Photo By: April Batholomew of The Morning Call Newspaper
Article by Scott Kraus, reporter of The Morning Call Newspaper
ALLENTOWN, PA — For years, Kevin Lott would walk into Lehigh Valley area high schools and technical schools with a pretty compelling pitch on the advantages of a career as a union carpenter.
The job offered good wages, generous benefits and the chance to learn valuable skills.
With the students' interest piqued, Lott would be forced to mention that to join the union, they'd have to complete apprenticeship work at the nearest training center. Until very recently, that was off Roosevelt Boulevard in Northeast Philadelphia.
"The students, when I told them they had to drive to Philly, would groan," said Lott, former president of the Lehigh Valley carpenters union, Local 167 of the Northeast Region Council of Carpenters.
That's no longer true, with the recent opening of the United Brotherhood of Carpenters-Northeast Regional Council of Carpenters' new apprenticeship training center in Allentown. Now union apprentices can complete the four-year program in the Lehigh Valley, at a converted Victaulic facility on Vultee Street.
That's a huge advantage, and likely to encourage more local job-seekers to consider the carpentry trade, said Jeff Holzheimer, 24, a second-year apprentice carpenter who lives in Bethlehem and is now training at the newly opened training center.
Last year, he paid hundreds of dollars in turnpike tolls and drove hundreds of miles to and from training in Philadelphia. "This saves a ton of money and time," he said.
The facility gives Local 167 a training center of its own to help recruit new members to go with its existing and significant ties to the region's political, community and business leaders, said Northeast Regional Council of Carpenters Executive Secretary/Treasurer John Ballantyne.
It's also sign that as a region, the Lehigh Valley continues to establish its own distinct identity on the state's economic stage. For years, Lehigh Valley's carpenters' local was an offshoot of the Philadelphia branch of the union. Now its a standalone part of the six-state Northeast Regional Council of Carpenters.
Five years in the making, the $1.6 million training facility was financed with a combination of state funding through a Redevelopment Capital Assistance Program matching grant and training funds contributed by union members and their employers.
Union representatives joined local politicians and business leaders at the Vultee Street site on Thursday for a formal ribbon-cutting. The training center opened three months ago.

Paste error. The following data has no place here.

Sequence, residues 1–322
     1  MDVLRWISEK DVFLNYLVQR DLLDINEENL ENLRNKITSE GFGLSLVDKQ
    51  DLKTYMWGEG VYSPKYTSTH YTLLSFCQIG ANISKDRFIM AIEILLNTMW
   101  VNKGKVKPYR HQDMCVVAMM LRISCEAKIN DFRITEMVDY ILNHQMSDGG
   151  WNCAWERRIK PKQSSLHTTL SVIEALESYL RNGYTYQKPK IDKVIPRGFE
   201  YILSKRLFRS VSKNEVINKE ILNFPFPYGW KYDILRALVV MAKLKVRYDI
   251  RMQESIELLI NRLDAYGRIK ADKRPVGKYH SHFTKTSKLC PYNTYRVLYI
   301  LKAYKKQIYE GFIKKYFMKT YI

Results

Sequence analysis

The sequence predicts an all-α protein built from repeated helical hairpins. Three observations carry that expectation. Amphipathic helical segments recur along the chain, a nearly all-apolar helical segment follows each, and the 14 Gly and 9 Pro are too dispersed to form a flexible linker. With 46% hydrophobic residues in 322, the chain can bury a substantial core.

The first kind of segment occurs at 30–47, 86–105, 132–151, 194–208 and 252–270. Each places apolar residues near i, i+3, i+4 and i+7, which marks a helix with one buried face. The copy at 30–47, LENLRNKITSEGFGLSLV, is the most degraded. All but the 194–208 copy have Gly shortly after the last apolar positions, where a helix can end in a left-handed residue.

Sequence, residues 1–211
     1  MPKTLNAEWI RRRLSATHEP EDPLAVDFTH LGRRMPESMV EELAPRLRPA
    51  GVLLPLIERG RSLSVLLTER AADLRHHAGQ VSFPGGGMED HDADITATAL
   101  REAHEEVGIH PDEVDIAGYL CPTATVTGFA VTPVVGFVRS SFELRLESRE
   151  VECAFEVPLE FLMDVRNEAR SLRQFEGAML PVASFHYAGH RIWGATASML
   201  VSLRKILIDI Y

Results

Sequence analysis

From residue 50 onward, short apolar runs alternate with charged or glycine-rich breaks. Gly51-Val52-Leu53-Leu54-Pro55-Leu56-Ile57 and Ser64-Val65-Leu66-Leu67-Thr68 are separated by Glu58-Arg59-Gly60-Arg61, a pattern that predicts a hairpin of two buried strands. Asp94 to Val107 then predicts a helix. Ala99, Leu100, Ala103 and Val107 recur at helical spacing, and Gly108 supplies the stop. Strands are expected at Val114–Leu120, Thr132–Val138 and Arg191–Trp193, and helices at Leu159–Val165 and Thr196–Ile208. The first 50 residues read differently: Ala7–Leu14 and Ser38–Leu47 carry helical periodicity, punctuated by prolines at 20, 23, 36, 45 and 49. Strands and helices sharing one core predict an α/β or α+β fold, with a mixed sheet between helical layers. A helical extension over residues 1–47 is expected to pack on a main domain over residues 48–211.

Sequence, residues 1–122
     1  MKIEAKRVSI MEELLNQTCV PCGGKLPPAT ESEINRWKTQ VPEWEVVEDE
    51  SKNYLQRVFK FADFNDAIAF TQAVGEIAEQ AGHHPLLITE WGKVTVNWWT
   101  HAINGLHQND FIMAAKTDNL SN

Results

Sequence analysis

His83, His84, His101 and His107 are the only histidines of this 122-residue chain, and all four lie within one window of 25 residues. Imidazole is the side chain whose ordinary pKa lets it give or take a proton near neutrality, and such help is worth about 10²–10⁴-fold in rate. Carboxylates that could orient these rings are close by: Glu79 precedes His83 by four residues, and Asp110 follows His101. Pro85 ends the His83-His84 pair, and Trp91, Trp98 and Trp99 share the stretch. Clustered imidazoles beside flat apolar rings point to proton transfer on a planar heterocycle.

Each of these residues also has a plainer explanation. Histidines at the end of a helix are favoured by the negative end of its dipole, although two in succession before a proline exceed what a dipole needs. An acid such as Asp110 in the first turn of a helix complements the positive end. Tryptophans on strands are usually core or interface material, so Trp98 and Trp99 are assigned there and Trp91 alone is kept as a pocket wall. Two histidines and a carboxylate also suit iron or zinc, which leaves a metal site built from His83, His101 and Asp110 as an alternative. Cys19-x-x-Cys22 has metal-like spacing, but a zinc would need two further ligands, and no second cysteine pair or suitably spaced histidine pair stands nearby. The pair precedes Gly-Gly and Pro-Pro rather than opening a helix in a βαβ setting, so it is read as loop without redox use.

When fully up and running, the facility will accommodate about 80 apprentices at various stages of the training process, in addition to holding training courses in specific carpentry-related skills for more experienced union members, known as journeymen.
The four-year apprenticeship program requires participants to complete 900 hours of classroom instruction and 8,000 hours of on-the-job-training to obtain journeyman status.
The training center includes a large, open training area where carpenters can practice key skills, two classrooms for learning theory such as blueprint reading and a welding training area that includes a high-tech virtual reality welding training unit.
When a trainee straps on the virtual reality welding mask, he or she is treated to a three-dimensional rendering of the view a welder would see through the small visor window. A computerized welding gun linked to the simulator allows the user to practice welds, without throwing actual sparks.
The computer analyzes the result offering advice on speed and technique.
It provides a huge savings in the metal rods that are used in welding, said trainer Fran Schlenner. They go for about $100 a pound. It's also a safer way for novices to learn the basics.
Sen. Pat Browne, who was on hand for the ribbon-cutting, said that while business leaders still cite the state and local tax and regulatory environment as a concern, the presence of a well-trained workforce has risen to equal importance to the region's economic competitiveness in the future.
"Nothing is more important than a facility like this to the future of our economy," Browne said.
Construction firms in some regions of the country are confronting a looming shortage of skilled tradespeople caused by workers leaving the business during the recession, a spate of retirements, and a recent increase in construction project demand.
In the Lehigh Valley, the number of construction jobs was flat at 12,000 between 2015 and 2016 according to the Associated General Contractors of America.
Ballantyne said that throughout the Northeast Regional Council of Carpenters' five-state territory, labor demand is high, with 95 percent of members working at any given time.